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Friday, October 23, 2020

The invaders that came from beneath the sea

 

A strange, golden glob appeared in the sparkling water...

It opened like any really bad horror movie should... 

…with a peaceful, idyllic scene. Dozens of families relaxed on a white-sand beach near Monterey’s Cannery Row on a balmy Sunday in October. Children played in the surf and squealed with delight. Young couples strolled hand-in-hand along the strand. And a grizzled old paddler launched his red kayak into the gentle surf. That would be moi. 

...and began clustering around me
Only a few yards beyond the small breakers, I encountered a strange, golden blob in the sparkling turquoise waters. Jellyfish. Not one or two, but dozens jammed together in a floating island.

As I cautiously paddled closer for a better look, I noticed that several jellies had silently begun to surround my kayak. And then realized jellies were surfacing all over the bay. 

An instant of panic was quickly overcome by inspiration. What a great idea for a sea creature horror movie! I whipped out my waterproof camera and filmed a few underwater snippets. Fortunately, my stylings as a film auteur were perfect for the horror genre – grainy, jerky, slightly unfocused video. I could already see my very own starfish on the Hollywood Walk of Fame. 

But those dreams were dashed when further research showed that someone else thought of this idea first. And did it so much better than I ever could. How do you top radioactive, mutant jellyfish? Especially with a title like “Hellyfish,” a 2014 horror spoof that was cheesier than a holiday sale on Hickory Farms cheese logs. I turned seaweed green with envy as I watched the movie trailer.  (See the jump page of this post. And switch to full screen to get the max effect.)

Sunday, September 13, 2020

How to enjoy kayaking in “new normal” era


Enjoying nature more important than ever in these strange days


I was tempted to call this the “new abnormal” but realized… 


...
we don’t need another reminder that strange days are here. When I posted an item about Covid-19 in March, it was outdated a couple of days later. I had suggested that Californians should get free admission to all state parks since so many other social activities were banned.

Unfortunately, a gazillion people flocked to state parks and beaches that weekend. So much for safe distancing. Most parks were shut immediately, and I scrapped the post. Most state parks have since reopened. Except for those inside major wildfire zones. Or are inhospitable due to heavy smoke that presents a serious health hazard. Strange days indeed.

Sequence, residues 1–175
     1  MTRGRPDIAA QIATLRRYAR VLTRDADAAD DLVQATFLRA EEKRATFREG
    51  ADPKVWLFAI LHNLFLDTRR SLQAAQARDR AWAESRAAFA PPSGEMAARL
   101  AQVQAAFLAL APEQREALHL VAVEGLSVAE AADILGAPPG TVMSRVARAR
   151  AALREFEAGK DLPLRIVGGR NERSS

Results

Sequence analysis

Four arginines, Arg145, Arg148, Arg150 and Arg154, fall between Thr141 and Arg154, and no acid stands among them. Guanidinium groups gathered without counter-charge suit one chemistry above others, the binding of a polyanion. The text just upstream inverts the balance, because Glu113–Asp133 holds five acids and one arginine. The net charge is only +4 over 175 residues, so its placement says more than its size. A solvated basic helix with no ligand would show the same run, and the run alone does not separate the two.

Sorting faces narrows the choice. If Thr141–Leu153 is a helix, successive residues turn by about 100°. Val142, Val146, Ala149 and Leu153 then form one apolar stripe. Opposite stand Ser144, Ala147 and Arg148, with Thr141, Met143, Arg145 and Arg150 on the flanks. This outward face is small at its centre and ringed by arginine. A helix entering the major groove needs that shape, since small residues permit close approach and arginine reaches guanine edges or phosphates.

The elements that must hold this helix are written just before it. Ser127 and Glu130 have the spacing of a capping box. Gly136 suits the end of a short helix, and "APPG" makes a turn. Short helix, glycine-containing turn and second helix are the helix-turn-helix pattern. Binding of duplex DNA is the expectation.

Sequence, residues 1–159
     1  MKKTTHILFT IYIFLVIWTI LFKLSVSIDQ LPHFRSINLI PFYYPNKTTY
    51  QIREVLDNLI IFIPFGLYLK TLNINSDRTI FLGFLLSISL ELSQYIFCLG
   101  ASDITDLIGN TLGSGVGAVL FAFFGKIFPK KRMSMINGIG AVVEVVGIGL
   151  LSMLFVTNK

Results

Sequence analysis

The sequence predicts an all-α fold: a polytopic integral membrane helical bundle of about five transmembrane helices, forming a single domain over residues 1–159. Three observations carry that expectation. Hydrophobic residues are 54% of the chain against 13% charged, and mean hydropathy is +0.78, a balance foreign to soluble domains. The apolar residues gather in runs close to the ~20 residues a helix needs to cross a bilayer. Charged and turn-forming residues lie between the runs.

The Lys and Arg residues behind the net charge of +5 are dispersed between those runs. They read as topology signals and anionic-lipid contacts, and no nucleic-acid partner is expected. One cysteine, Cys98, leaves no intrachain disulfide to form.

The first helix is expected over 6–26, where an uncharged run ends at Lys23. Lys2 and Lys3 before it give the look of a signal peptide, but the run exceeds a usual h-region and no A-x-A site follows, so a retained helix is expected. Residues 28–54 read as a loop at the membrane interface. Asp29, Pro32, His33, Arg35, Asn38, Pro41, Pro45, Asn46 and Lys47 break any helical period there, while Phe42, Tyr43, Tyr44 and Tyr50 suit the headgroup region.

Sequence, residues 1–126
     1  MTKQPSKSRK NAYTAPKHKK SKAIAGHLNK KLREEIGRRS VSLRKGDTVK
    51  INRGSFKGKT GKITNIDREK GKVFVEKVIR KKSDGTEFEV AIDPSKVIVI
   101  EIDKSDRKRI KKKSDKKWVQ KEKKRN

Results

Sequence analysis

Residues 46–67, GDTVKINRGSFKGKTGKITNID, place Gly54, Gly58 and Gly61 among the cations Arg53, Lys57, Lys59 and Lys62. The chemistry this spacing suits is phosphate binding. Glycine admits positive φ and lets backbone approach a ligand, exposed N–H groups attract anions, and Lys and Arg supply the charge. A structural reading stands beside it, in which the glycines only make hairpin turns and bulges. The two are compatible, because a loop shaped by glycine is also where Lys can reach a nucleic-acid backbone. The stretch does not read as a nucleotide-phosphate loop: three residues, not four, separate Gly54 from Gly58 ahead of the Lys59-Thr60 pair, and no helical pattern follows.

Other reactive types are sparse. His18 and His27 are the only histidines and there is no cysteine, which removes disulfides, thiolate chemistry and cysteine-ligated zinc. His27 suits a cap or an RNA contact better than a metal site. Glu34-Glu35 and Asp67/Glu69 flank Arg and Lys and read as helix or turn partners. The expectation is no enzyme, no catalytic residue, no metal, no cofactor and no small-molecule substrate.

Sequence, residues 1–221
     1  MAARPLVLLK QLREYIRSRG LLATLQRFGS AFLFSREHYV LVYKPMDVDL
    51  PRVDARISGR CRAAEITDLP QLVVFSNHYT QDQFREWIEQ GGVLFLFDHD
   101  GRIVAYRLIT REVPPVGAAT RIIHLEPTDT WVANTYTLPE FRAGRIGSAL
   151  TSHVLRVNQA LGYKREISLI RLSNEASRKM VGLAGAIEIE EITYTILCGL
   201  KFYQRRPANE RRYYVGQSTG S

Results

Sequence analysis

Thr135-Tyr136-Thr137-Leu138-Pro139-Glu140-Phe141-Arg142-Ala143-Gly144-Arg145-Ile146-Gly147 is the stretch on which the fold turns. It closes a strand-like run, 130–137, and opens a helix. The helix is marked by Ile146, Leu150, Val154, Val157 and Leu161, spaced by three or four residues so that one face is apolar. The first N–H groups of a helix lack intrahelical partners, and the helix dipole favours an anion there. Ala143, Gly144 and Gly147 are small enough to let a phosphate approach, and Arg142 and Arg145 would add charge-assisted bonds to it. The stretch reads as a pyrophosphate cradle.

The smoke will disappear, eventually. Covid-19, maybe not so soon. So let’s focus on safe kayaking in a viral environment. On the bright side, you may not need to carry your own supply of toilet paper everywhere any longer. 

Quarantine on the water
For starters, kayaking lends itself to safe distancing of six feet or more between people. Turns out most kayak paddles are the perfect metric for that. My 210cm paddle gives me a 6-foot-8.7 inch measuring stick. Your paddle is probably more than six feet long, too. 

Paddles also may come in handy off the water. For a time, walking in a local park became hazardous as maskless runners brushed by me as they came up from behind, huffing and puffing. That stopped as soon as I took my paddle on walks and “practiced”

Tuesday, February 18, 2020

There's no otter place quite like Elkhorn Slough


A relaxed resident of Elkhorn Slough studies passersby (Click on photos to enlarge)

 This might be my No. 1 choice for a paddling trip….

…during the “Other Season,” and it’s easy to make that case with generally mild winter weather, beautiful scenery and some of the best wildlife viewing anywhere in California. But on my most recent trip to Monterey County, I noticed that the entertainment worked both ways – while kayakers were watching sea otters and harbor seals in Elkhorn Slough, those critters were gawking at us too.